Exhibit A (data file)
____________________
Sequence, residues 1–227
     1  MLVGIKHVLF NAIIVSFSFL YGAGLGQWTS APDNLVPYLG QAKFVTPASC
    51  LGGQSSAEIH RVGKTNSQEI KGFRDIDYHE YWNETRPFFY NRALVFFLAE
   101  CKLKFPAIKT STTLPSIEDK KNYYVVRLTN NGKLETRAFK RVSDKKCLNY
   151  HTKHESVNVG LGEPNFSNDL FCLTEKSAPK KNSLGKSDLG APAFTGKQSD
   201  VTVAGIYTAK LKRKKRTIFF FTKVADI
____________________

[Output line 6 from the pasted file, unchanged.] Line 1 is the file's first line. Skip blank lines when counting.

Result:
   201  VTVAGIYTAK LKRKKRTIFF FTKVADI